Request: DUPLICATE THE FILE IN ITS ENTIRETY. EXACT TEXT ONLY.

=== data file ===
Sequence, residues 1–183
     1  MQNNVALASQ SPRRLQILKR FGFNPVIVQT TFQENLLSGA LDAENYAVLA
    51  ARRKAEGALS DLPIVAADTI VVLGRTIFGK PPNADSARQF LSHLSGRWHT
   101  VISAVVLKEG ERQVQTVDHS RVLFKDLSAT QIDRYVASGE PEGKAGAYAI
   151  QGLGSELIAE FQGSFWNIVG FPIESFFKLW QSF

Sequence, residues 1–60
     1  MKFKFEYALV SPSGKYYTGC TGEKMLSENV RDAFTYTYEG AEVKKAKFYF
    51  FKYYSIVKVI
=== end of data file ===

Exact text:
Sequence, residues 1–183
     1  MQNNVALASQ SPRRLQILKR FGFNPVIVQT TFQENLLSGA LDAENYAVLA
    51  ARRKAEGALS DLPIVAADTI VVLGRTIFGK PPNADSARQF LSHLSGRWHT
   101  VISAVVLKEG ERQVQTVDHS RVLFKDLSAT QIDRYVASGE PEGKAGAYAI
   151  QGLGSELIAE FQGSFWNIVG FPIESFFKLW QSF

Sequence, residues 1–60
     1  MKFKFEYALV SPSGKYYTGC TGEKMLSENV RDAFTYTYEG AEVKKAKFYF
    51  FKYYSIVKVI